Copyright 2019 James Marsh
Fly Fishing The Cumberland River In
The Cumberland Lake tailwater in South Central
Kentucky near the Tennessee state line is a popular
brown and rainbow trout fishing destination. Its water
flows from the U. S. Army Corps of Engineers Wolf
Creek Dam. Lake Cumberland is a huge lake and one of
the deepest lakes in the South. The water stays cool a
long way downstream from Wolf Creek Dam. The river
boast of seventy-five miles of good trout fishing. The
Cumberland is a heavily stocked trout stream. Fly fishing
the Cumberland River usually produces some good
catches in terms of numbers and size.
This is one tailwater where you must pay close attention
to the water releases and levels. It changes drastically
and within a very short time. The link on the left side of
this page will take you to the schedule for releases.
If you wade any part of the river, you should always pick
out a target and watch it carefully for a change of the
water level. If it starts to rise, get out of the stream. We
suggest a wading staff as you will see in our gear
section. It is possible to step off into a deep hole. I know
because I have done it twice not paying attention. The
staff will let you probe ahead. It would have done me
little good because I would probably be watching the
water at a distance and not be probing ahead.
The rate of rising water flows on the Cumberland River
is much slower than most tailwaters. It generally travels
only about four miles an hour. This is such a long
tailwater and such a slow rate of travel for the rising
water that it could be rising at the dam and falling a few
miles downstream. In other words, you can usually find a
place to fish even when they are generating power
running the turbines. If the flows are moderate or low
and they begin to generate power, you have a long time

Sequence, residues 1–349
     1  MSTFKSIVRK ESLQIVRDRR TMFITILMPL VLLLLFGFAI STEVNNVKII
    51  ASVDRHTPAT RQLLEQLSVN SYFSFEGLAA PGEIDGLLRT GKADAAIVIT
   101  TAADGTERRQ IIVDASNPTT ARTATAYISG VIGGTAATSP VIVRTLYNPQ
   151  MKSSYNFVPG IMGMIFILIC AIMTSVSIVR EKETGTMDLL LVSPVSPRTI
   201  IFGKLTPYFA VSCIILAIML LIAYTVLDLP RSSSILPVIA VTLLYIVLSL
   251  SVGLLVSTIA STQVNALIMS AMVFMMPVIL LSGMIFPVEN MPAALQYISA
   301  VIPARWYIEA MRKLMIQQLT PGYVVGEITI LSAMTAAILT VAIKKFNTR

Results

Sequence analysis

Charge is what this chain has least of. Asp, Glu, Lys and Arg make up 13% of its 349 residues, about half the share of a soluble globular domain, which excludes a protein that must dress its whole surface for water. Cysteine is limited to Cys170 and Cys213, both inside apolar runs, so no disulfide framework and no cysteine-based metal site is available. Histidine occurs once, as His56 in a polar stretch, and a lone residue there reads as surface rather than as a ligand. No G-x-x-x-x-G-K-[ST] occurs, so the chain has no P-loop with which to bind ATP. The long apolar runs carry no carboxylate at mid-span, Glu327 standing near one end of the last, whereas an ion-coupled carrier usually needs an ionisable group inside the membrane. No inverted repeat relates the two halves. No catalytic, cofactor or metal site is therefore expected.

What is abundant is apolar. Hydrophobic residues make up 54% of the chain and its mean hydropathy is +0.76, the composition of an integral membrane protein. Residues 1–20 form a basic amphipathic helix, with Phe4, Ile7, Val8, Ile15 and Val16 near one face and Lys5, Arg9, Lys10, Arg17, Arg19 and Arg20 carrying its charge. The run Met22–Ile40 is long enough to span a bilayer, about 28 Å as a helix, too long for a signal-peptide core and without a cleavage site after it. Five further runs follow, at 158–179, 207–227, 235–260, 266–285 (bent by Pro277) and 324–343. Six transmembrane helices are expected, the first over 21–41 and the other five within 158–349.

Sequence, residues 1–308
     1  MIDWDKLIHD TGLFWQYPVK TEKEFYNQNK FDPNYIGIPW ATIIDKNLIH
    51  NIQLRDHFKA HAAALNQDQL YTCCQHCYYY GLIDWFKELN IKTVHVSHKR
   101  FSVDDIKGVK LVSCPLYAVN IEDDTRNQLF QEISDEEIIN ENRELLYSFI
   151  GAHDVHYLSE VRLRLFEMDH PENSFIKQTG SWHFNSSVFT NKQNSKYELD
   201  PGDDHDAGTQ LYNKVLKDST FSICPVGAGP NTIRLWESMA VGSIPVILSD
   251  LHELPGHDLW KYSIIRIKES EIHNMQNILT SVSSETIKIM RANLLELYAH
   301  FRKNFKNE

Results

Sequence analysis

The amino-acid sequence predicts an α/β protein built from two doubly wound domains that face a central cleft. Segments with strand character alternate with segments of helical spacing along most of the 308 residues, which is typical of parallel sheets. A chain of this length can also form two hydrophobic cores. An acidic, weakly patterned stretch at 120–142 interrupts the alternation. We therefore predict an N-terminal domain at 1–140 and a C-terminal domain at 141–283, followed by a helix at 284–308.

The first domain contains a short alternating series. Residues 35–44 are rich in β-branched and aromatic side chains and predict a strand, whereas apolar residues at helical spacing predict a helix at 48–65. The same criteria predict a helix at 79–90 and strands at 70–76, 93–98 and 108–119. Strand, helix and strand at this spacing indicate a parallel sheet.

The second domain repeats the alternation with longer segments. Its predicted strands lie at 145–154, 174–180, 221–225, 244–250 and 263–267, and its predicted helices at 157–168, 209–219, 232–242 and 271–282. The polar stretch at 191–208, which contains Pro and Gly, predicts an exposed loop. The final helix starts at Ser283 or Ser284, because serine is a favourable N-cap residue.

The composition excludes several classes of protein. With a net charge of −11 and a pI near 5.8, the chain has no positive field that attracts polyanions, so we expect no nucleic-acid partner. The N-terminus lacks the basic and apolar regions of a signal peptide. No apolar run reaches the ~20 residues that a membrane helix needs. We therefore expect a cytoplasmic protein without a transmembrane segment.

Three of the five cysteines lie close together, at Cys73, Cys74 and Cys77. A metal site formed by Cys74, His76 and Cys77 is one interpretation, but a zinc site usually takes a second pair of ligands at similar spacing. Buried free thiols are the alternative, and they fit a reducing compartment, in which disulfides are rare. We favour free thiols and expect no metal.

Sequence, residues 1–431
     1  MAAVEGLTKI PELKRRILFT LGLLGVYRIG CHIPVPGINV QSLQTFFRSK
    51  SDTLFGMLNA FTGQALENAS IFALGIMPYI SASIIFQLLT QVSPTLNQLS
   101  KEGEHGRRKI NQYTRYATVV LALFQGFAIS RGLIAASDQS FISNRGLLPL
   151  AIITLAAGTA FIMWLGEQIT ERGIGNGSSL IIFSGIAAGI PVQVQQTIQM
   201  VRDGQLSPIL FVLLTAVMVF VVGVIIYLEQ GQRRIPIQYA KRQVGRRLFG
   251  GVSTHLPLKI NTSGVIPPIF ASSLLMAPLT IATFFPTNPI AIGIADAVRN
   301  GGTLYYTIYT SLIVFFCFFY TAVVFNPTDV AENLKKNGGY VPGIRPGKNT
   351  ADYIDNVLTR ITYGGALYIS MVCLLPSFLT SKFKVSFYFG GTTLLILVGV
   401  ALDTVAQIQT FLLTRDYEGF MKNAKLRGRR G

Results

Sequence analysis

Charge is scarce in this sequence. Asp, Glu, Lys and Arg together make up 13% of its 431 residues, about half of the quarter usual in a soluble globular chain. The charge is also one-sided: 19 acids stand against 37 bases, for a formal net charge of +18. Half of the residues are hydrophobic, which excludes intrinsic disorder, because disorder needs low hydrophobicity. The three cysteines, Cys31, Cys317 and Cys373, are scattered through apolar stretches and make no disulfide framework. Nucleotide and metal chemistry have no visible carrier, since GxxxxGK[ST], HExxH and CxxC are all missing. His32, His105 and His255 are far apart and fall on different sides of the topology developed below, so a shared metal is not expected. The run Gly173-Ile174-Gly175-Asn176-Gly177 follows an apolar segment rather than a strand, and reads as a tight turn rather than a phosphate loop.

to fish if your a few miles downstream.
As with most any trout stream, trout are easier to catch
on a dry fly during a hatch. More hatches occur in April
and May than any other period of time but you can fish
the Cumberland River year-round. The most important
factor is the generation schedule. The water levels can
rise a bunch, like a few feet when they are running
water. There are four generators at the Wolf Creek dam
and any number of them can be operating at any given
time. In general, the lower the water level on the lake,
the better the fly fishing is on the Cumberland.
It's without question that the best way to fish the river is
from a drift boat. Although there's a lot of water that can
be waded on good generation schedules for wading,
there are many areas of the water too deep to wade.
Canoes, john boats and pontoon type drift boats can
also be used.
Cumberland River Kentucky
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Photo Courtesy of David Knapp Photography
Recommended Tackle & Gear
5 or 6 weight
Dry fly: 9 ft., 5X, Nymphing: 71/2 ft., 3 or
4X, Midges 6X
Dry fly: 5X, Nymphing: 3 or 4X, Streamer
Best Fly Rod:
Perfect Fly Superb Five or Ultimate Six
For 5/6 line size
Fly Floatants and Misc Items:
Loon Floatants, KISS Strike Indicators
Tools & Accessories:
Nippers, forceps, retractors, etc.
Something different about the Cumberland and
many other tailwaters is the fact a motor can
come in real handy. There's places you can
launch a boat and run upstream to drift across
some of the better areas of water. Winfrey’s
Ferry is just one of them.
Another good reason a boat is generally
preferred is due to the fact there are areas of
the Cumberland River than runs for miles
without any road access. It flows through some
wild country in places as well as many private
farms. Areas of water to wade are scarce. Most
of the water that can be waded is found in the
uppermost ten to fifteen miles of the tailwater.
One of, if not the most preferred method of
fishing, is streamer fishing. Not only do they
allow you to cover a lot of water fast, they
produce big fish. There's a one trout per day
regulation and it must be a minimum of 20
inches long. These regulations have resulted
in the Cumberland River having a lot of big
trout. Five pounders are common. Although
most of the trout are holdovers, there's some
Fly Fishing The Cumberland River can be
You can fish the Cumberland River all winter
long. The water stays near the same
temperature close to the dam.